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By Chris90
From Unity, Maine
Apr 14, 2011

I live in Maine. I interned at IMCS in NoCo last winter and climbed Mt. Washington twice. I have the basics down fairly well for mountaineering, ice, and rock. I plan on doing Mt. Washington a few times next winter and Mt. Katahdin at least once. Where should I go next that I would be prepared for? I am looking for logical progression into bigger and longer mountaineering trips. Lets hear some opinions! ( Lots of details are helpful)


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By Monomaniac
Administrator
From Morrison, CO
Apr 14, 2011
Pulling a small roof at 2/3 height on Mission Impossible.  Adam Sanders photo.

Since no one else has responded...it looks like you need to get some altitude at some point. I would look at what your long term goals are and select an objective with double-digit altitude that best matches your experience and goals. Possibly a big volcano like Reineer, Shasta, or Hood if glacier travel is important to you, or a big hunk of steep rock like the Grand, Whitney, etc if you're more into rock routes. If you're serious, ultimately international travel will be part of the mountaineering process, so you might consider getting your feet wet with a trip to Mexico or Ecuador to climb a big volcano.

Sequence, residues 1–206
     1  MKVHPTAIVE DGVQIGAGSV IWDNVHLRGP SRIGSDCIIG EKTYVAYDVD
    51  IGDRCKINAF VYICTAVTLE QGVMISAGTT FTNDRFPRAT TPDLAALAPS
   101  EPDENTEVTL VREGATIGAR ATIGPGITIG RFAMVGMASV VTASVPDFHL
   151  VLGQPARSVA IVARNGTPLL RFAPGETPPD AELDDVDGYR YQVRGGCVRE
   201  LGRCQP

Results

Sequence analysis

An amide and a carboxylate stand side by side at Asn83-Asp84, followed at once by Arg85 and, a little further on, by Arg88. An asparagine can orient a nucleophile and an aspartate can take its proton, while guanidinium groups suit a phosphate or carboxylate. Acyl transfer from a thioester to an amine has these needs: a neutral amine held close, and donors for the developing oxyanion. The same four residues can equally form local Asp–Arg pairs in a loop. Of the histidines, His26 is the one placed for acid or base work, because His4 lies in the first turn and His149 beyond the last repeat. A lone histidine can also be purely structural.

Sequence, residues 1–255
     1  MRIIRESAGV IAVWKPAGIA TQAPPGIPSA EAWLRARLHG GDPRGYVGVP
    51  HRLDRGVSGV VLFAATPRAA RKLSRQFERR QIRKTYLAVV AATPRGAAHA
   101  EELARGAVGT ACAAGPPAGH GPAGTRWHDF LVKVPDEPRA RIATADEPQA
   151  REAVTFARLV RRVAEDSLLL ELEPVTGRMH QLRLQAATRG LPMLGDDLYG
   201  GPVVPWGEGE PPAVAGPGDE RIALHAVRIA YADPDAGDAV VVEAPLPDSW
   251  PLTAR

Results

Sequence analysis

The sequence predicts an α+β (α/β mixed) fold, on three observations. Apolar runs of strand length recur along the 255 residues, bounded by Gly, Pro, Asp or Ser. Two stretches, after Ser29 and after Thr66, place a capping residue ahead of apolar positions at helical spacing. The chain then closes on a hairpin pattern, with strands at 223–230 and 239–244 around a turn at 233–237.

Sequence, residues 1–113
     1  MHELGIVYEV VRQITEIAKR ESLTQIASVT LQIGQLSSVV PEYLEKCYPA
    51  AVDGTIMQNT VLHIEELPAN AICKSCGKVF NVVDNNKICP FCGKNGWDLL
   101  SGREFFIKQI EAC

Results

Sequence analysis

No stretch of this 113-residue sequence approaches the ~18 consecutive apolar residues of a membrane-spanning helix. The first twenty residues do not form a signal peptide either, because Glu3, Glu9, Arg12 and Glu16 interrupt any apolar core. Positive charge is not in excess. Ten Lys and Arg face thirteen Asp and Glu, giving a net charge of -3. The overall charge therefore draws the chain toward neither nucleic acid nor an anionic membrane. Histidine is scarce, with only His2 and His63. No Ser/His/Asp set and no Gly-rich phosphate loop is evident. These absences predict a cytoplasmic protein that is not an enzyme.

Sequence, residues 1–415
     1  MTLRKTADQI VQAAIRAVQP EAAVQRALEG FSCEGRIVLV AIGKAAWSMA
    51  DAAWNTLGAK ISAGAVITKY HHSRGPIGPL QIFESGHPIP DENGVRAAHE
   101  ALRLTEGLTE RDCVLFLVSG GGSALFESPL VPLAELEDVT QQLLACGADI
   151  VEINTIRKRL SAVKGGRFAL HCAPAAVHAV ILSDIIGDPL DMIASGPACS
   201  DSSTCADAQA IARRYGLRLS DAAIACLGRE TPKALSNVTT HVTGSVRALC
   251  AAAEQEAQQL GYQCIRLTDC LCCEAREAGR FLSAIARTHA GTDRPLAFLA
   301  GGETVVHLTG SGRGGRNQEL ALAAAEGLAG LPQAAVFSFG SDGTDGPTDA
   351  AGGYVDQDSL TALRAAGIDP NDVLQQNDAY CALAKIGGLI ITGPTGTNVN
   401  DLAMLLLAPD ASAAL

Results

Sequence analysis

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By Kenny Clark
From State College, PA
Apr 14, 2011

I fully agree about getting some altitude. It's hard to get that in the east. The Fourteeners in Colorado are a great place to do some mountaineering with a lot of variation. Depending on when you go you will get different conditions. There is such a high concentration of tall mountains there. Check out some of the trip reports on 14ers.com to see what people are doing. Or if you want to drop a few dollars, get Gerry Roach's guidebook to Colorado's 14ers.

I've recently been doing a lot of stuff here in the Wasatch in Utah (training for Rainier in July). It's literally in my backyard. So many mountains right next to town. I just decided to head to Penn State for more school, so I will unfortunately be leaving these beautiful mountains for the next 3-5 years. Good luck.


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By Alicia Sokolowski
From Brooklyn, NY
Apr 14, 2011
Hanging out waiting for Die Antwoord to come on stage

My first experience with real altitude was Ecuador, and I would recommend it for anyone. There are a variety of peaks to choose from, all relatively easy to get to and many are not overly technical where you could get into real trouble. My ten days in Ecuador went like this: